The power of unions in workers’ lives and in the American political system has declined dramatically since the 1970s. In recent years, many have argued that the crisis took root when unions stopped reaching out to workers and workers turned away from unions. But here Lane Windham tells a different story. Highlighting the integral, often-overlooked contributions of women, people of color, young workers, and southerners, Windham reveals how in the 1970s workers combined old working-class tools–like unions and labor law–with legislative gains from the civil and women’s rights movements to help shore up their prospects. Through close-up studies of workers’ campaigns in shipbuilding, textiles, retail, and service, Windham overturns widely held myths about labor’s decline, showing instead how employers united to manipulate weak labor law and quash a new wave of worker organizing.

Bone Black: Memories of Girlhood (1997) by bell hooks
This memoir shows the unfolding of female creativity and one strong-spirited child’s journey toward becoming a writer. She learns early on the roles women and men play in society, as well as the emotional vulnerability of children. She sheds new light on a society that beholds the joys of marriage for men and condemns anything more than silence for women. In this world, too, black is a woman’s color—worn when earned—daughters and daddies are strangers under the same roof, and crying children are often given something to cry about. hooks finds comfort in solitude, good company in books. She also discovers, in the motionless body of misunderstanding, that writing is her most vital breath.

Black Days, Black Dust: The Memories of an African American Coal Miner (2002) by Robert Armstead

Among those drawn to jobs in the booming West Virginia coal mines during the first part of the twentieth century were thousands of African Americans. They proved successful in this industry—despite low wages and discrimination at the hands of mine operators. This book, the first published memoir by an African American coal miner, is a stirring tale of survival and achievement. Bob Armstead interweaves stories of family and community with a broad history of underground mining to paint an engrossing picture of the work, the dangers, and the drama of that industry.

Kettle Bottom (2004) by Diane Gilliam Fisher  
Based on the historical and social events of the West Virginia coal mine wars of 1920-1921, Kettle Bottom imagines the stories of miners, their wives, children, sisters, and mothers; of mountaineers, Italian immigrants, and Black families.

Appalachian Elegy, Poetry and Place, Kentucky Voices (2012) by bell hooks
In this collection, bell hooks continues her work as an imagist of life’s harsh realities in a collection of poems inspired by her childhood in the isolated hills and hidden hollows of Kentucky. At once meditative, confessional, and political, this poignant volume draws the reader deep into the experience of living in Appalachia.

Black Bone: 25 Years of the Affrilachian Poets (2018) Edited by Bianca Lynne Spriggs and Jeremy Paden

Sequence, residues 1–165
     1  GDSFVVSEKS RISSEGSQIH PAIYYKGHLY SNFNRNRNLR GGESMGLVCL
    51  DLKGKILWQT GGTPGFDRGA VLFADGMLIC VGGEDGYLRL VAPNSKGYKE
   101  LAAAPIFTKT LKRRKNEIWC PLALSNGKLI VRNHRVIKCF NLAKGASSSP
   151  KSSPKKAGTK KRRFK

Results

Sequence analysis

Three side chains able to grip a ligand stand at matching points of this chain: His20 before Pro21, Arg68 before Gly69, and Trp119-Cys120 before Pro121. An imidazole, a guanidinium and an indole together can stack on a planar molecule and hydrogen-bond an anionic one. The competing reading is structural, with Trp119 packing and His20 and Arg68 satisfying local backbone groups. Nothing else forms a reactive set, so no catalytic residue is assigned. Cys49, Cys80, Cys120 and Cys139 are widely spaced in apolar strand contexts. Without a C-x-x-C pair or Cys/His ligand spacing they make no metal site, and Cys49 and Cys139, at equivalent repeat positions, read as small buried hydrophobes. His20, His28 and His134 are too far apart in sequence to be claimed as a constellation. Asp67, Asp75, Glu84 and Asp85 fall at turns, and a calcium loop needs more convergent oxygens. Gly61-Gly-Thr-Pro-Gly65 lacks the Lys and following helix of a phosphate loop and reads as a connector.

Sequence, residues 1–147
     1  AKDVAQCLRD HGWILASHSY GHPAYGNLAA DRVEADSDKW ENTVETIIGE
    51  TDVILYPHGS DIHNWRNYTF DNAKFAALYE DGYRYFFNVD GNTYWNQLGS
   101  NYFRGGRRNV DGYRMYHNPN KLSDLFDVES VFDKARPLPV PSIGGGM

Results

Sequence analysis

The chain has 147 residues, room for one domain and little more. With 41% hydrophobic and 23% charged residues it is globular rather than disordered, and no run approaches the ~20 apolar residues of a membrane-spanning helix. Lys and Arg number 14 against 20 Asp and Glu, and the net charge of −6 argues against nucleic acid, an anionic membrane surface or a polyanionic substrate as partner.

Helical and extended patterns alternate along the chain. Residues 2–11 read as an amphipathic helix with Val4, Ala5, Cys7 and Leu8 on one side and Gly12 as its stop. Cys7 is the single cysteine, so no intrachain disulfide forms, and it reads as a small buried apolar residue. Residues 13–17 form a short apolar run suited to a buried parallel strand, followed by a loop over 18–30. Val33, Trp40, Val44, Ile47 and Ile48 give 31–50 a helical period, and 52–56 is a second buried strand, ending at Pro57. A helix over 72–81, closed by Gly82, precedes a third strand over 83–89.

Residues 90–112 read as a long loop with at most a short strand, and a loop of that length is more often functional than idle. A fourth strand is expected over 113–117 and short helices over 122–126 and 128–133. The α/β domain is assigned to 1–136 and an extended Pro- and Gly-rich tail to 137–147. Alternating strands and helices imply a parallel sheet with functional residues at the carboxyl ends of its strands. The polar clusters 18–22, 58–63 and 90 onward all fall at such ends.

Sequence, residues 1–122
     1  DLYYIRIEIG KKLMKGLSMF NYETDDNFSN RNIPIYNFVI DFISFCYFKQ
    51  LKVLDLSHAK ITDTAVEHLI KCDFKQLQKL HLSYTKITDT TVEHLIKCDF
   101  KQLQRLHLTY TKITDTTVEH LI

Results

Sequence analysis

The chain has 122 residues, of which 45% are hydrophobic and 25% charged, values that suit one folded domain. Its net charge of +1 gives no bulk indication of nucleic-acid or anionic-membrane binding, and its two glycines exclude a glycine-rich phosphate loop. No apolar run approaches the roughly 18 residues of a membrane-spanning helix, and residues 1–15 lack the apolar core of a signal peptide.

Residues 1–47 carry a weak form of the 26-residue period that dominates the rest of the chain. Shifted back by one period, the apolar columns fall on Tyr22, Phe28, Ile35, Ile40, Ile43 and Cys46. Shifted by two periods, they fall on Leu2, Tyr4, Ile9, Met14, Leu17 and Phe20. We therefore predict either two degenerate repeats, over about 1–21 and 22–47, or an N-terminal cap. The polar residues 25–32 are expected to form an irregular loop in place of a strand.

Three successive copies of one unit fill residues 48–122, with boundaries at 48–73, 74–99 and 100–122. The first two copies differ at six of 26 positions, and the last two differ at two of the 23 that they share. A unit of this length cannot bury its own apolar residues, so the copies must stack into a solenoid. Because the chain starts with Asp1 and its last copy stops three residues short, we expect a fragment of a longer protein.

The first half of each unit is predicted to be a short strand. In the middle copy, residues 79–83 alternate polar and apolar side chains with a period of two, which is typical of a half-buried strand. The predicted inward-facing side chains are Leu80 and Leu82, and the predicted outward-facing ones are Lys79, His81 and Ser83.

Author Frank X Walker coined the term “Affrilachia” to give identity and voice to people of African descent from this region and to highlight Appalachia’s multicultural identity. This act inspired a group of gifted artists, the Affrilachian Poets, to begin working together and using their writing to defy persistent stereotypes of Appalachia as a racially and culturally homogenized region. This illuminating and powerful collection is a testament to a groundbreaking group and its enduring legacy.

Affrilachia: Poems (2000) by Frank X Walker
Called “a milestone book of poetry at the intersection of Appalachian and African American literature.” In this pathbreaking debut collection, poet Frank X Walker tells the story of growing up young, Black, artistic, and male in one of America’s most misunderstood geographical regions. As a proud Kentucky native, Walker created the word “Affrilachia” to render visible the unique intersectional experience of African Americans living in the rural and Appalachian South.
Since its publication in 2000, Affrilachia has seen wide classroom use, and is recognized as one of the foundational works of the Affrilachian Poets, a community of writers offering new ways to think about diversity in the Appalachian region and beyond.

Y’all Means All: The Emerging Voices Queering Appalachia (2022) By Zane McNeill

Y’all Means All is a celebration of the weird and wonderful aspects of a troubled region in all of their manifest glory! This collection is a thought-provoking hoot and a holler of “we’re queer and we’re here to stay, cause we’re every bit a piece of the landscape as the rocks and the trees” echoing through the hills of Appalachia and into the boardrooms of every media outlet and opportunistic author seeking to define Appalachia from the outside for their own political agendas. Multidisciplinary and multi-genre, Y’all necessarily incorporates elements of critical theory, such as critical race theory and queer theory, while dealing with a multitude of methodologies, from quantitative analysis, to oral history and autoethnography.